A brave and stylish attempt to invent a new crime genre, “Saraka Bo” looks set to reach a small but select Euro audience before ending up on high-minded cable, with perhaps an arthouse release elsewhere. Veteran helmer Denis Amar’s return to the bigscreen after a seven-year stint in telefilms is a bid to give modern-day France’s cultural diversity a twist or two beyond the ghetto violence in such pics as Mathieu Kassovitz’s “Hate” and Thomas Gilou’s “Rai.” Unlikely to spawn imitators, “Saraka Bo” may have to be shelved in vid stores under the category of cultural curio, though pic deserves more publicity than it has thus far received.
Movie is adapted from the novel by Tobie Nathan, a controversial French academic who heads research into what he calls “ethno-psychiatry.” As such, Amar’s cinematic license is somewhat curbed by the need to explain the tenets of Nathan’s new science and how it deals with the problems of immigrants in France by exploring the psychological underpinnings of their native beliefs. Title is an Arab-Bambara term meaning “produce the offerings.”
The movie opens in an African neighborhood of Paris with the grisly discovery of the bodies of two young black women who have been ritually mutilated and hung from the ceiling wearing Malian masks. The investigation by Diamant, a tough-mind ‘tec superbly played by veteran Richard Bohringer, points to Cisse (Sotigui Kouyate), an immigrant from Mali, and his beautiful 18-year-old daughter, Daniele (Aissa Maiga).
Diamant, a fact-loving product of Western society, soon realizes Cisse’s confession is not only full of holes but also totally mystifying. Enter Professor Taieb (Yvan Attal), an Egypt-born Frenchman based on Nathan. Taieb locks horns with the empirical Diamant, but eventually convinces him of an underlying psychosis guiding Cisse’s self-incrimination.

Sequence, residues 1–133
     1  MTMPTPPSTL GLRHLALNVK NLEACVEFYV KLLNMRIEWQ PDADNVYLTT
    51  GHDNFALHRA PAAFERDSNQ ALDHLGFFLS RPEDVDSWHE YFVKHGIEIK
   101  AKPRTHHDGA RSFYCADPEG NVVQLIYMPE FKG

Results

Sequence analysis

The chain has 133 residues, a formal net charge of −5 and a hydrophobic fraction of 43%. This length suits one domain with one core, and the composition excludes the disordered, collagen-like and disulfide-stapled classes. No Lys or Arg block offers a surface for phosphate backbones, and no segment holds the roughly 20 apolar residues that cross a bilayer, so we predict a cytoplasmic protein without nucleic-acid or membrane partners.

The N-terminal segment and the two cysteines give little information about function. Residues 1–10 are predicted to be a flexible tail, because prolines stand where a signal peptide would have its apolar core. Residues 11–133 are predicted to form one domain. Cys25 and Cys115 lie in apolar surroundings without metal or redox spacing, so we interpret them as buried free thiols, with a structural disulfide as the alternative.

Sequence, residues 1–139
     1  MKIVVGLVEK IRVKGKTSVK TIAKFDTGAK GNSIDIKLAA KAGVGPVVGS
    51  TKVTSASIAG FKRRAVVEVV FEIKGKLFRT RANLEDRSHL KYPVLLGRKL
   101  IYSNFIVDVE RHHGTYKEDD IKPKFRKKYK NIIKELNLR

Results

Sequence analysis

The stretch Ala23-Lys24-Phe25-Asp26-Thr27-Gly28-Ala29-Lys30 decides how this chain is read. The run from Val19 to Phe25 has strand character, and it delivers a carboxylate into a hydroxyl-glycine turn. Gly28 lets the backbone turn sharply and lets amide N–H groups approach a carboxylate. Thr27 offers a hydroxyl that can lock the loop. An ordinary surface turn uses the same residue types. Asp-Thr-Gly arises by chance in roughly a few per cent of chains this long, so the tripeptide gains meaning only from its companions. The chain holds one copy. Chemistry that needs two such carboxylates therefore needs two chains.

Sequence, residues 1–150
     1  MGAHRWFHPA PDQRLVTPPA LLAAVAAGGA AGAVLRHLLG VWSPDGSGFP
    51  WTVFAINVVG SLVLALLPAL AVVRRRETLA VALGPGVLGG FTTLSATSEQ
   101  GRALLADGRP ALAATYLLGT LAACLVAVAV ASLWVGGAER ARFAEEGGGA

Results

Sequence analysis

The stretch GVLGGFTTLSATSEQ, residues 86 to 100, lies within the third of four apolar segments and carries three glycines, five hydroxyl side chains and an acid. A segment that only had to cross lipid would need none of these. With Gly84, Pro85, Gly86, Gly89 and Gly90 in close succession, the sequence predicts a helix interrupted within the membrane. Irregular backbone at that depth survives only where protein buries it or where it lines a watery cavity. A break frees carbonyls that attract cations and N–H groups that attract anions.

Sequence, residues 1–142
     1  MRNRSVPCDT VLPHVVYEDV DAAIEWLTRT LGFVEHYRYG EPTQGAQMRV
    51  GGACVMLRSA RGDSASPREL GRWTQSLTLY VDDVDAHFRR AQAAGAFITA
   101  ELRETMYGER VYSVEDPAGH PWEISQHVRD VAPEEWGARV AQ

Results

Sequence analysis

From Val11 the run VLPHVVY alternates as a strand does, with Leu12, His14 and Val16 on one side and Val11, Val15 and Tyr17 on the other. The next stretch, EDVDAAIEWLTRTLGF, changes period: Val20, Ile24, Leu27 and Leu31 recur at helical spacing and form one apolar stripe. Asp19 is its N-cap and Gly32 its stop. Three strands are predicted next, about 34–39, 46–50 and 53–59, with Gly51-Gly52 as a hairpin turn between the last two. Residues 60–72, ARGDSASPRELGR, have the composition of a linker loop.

Other suspects then come out of the woodwork. Snow White, a nightclub owner played by Hubert Kounde (the French-African lead in “Hate”), tells Diamant of a primitive-arts auctioneer who sleeps only with African women. In the meantime, Taieb invites Diamant into his group therapy sessions with troubled immigrants so the cop can see for himself the complexity of understanding motives of people from non-Western cultures.
With its two white guys fretting and fighting over the fate of African immigrants, pic veers dangerously close to being paternalistic, but manages always to steer the action back to Cisse and Daniele before audiences grow too uncomfortable. Attal, as the Taieb/Nathan character, is given the thankless task of playing a sensitive know-it-all whose presence usually slows the proceedings to a professorial pace.
Kouyate, a Malian actor known to Paris theatergoers for his magisterial perf in Peter Brook’s “Mahabarata,” portrays the querulous Cisse expertly. Newcomer Aissa is likewise adept as the irresistible young girl. Unfortunately, the secondary characters, especially the white auctioneer and his wife, are cartoonishly scripted, in marked contrast to the psychological polish lavished on the leads.
Tech credits are excellent. Lenser Manuel Teran has crafted an evocative and often exotic visual treat, both in and out of Paris’ African ghetto. Zairian composer Lokua Kanza, along with Jean-Claude Petit, delivers a superb soundtrack of African melodies, and interiors by production designer Ambre Fernandez have a weird theatrical flavor that befits the elaborate mind games.